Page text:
According to a 2017 report from Media Technology Monitor, the average Canadian on the survey spends about 24.5 hours per week (or 3.5 hours per day) online during the previous year. Those aged 18 to 34 spend the most time online at 34 hours per week (or almost 5 hours per day).
Meanwhile, another survey has determined that a desktop or a laptop computer is still the most popular device used to access the Internet at 67% of the respondents.
With these numbers indicating a lot of time in front of the computer, we can safely say that Canadians are prone to a repetitive strain injury known as the computer elbow or mouse elbow.
What is computer elbow?
Computer elbow or lateral epicondylitis is usually caused by long hours spent typing away on a keyboard. Yes, that’s pain from typing too much! Poor posture and ergonomics can also contribute to this injury.
You will usually feel the pain from the tendon connecting to the bone on the outside of your elbow or from the muscles on the outer part of your forearm. Sometimes, both parts of your arm can be painful.
What to do?
It’s crucial to identify the root cause. Yes, you may have gotten the pain from typing but that is not the root cause. There are two questions you need to ask yourself:
- Do you have an ergonomic computer setup?
- Are you sitting properly?
If you said yes to both the above questions, then the pain may not be as simple as a computer elbow. You may need to visit a doctor to help you address your condition properly.
However, if you answered yes to at least one of the above questions, then you need to work on that.
Study your workstation. Make sure your keyboard it as a proper height. A wrist pad can also help. Check your mouse if it’s the right size and if you’re placing it within easy reach.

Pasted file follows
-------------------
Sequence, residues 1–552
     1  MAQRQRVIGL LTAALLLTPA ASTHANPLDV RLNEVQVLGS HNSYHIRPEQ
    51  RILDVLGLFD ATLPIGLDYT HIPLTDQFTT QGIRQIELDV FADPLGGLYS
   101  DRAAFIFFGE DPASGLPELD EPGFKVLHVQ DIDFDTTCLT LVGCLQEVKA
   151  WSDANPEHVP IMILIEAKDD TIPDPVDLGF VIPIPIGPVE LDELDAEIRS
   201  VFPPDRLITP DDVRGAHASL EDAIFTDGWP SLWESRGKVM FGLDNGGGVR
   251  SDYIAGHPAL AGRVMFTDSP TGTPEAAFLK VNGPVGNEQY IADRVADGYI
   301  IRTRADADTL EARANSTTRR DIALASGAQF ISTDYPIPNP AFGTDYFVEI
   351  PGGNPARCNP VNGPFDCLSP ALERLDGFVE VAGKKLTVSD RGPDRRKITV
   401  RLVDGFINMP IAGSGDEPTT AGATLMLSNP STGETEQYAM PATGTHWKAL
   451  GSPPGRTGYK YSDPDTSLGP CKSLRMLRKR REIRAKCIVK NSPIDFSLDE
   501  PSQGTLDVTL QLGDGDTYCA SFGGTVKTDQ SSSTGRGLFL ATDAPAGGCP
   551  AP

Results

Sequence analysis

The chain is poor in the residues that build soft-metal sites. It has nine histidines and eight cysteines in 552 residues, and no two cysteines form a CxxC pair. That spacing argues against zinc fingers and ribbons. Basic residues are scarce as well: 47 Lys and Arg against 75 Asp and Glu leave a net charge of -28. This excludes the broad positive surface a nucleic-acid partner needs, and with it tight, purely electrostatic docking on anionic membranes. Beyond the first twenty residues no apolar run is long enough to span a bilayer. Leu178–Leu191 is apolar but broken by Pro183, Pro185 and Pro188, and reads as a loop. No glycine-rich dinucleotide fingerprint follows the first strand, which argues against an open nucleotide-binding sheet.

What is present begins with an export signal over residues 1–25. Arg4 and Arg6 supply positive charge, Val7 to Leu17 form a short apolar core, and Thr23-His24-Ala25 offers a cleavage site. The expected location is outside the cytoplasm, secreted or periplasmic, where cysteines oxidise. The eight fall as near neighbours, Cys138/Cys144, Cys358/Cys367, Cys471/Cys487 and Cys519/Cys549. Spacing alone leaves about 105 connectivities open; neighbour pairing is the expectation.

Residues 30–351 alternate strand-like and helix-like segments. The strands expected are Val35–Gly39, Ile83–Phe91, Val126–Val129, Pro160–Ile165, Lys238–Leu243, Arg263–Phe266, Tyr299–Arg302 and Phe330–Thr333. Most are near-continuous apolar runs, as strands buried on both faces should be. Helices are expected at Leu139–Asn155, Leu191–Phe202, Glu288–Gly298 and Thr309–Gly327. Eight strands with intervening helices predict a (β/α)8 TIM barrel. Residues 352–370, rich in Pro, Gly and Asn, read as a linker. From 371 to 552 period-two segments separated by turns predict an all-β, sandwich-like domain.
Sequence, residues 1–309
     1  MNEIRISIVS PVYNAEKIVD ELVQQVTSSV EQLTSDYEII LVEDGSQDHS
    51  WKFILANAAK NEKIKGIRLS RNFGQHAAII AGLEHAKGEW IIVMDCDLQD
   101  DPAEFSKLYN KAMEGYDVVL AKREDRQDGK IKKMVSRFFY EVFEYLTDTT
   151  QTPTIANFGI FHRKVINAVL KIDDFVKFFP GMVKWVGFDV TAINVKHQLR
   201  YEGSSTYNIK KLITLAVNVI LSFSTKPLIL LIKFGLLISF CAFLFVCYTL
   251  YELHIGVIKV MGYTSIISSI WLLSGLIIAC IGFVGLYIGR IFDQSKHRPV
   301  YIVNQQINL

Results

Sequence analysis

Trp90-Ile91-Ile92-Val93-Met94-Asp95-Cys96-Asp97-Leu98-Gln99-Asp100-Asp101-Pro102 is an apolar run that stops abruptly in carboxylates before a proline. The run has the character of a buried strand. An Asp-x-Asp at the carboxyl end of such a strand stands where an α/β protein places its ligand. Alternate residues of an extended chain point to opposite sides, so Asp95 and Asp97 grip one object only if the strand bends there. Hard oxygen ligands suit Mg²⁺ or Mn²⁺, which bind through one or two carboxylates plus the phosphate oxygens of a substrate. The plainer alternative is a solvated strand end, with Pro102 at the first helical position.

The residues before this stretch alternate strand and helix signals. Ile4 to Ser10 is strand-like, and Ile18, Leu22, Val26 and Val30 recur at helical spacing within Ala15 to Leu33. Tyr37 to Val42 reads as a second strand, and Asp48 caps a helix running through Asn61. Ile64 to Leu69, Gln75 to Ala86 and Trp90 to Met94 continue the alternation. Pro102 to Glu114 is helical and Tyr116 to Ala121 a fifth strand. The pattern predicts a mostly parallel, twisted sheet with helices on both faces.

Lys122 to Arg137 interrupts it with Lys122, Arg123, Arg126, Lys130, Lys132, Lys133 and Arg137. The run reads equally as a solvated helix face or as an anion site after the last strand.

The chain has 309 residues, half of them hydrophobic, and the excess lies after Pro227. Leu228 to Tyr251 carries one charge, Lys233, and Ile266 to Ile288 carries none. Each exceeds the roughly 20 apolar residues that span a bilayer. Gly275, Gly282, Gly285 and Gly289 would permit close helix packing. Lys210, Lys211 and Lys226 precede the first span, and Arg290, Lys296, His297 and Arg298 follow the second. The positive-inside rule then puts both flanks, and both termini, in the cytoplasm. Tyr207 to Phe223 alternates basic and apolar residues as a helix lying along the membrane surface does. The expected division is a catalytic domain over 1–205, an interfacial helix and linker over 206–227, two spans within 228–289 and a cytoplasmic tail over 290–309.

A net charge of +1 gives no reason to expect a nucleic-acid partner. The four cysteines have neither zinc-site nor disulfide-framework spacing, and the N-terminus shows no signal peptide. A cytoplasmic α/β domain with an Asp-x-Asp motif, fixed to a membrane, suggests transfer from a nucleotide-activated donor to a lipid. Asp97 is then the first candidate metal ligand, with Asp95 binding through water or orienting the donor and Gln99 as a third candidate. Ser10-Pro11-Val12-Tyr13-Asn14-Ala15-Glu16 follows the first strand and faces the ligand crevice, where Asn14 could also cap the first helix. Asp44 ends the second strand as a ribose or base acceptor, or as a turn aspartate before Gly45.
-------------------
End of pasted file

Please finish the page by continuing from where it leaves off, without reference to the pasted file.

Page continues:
While desk ergonomics can easily be addressed, poor posture needs some working on. Do not slouch! Keep your shoulders relaxed while typing. Stretch yours arms, wriggle your fingers, move your wrists once in a while.
How is it treated?
Since computer elbow is a repetitive strain injury, there is only one way to cure it – stop typing or, at the very least, lessen the amount of time you type for a while. This will allow the muscles and tendons to rest and heal. The pain from typing can slowly go away.
While you minimize your typing feats, try to stretch your arms. One way to do this is to extend your right arm in front of your body at shoulder level and make a fist. Now slowly rotate the arm so the palm is facing out. Next, bend the wrist until you feel a stretch in the back of your forearm. Hold the position for at least 3 seconds and then repeat with your left arm. Perform at least three alternating repetitions
However, if it the pain from typing has become debilitating and you’re suspecting it’s more than just a computer elbow, visit your doctor. Do not delay. The longer you ignore, the more damage you create
Depending on the diagnosis, you may be prescribed to undergo physiotherapy sessions and repetitive injury treatment may be covered by your insurance. Contact us to know more.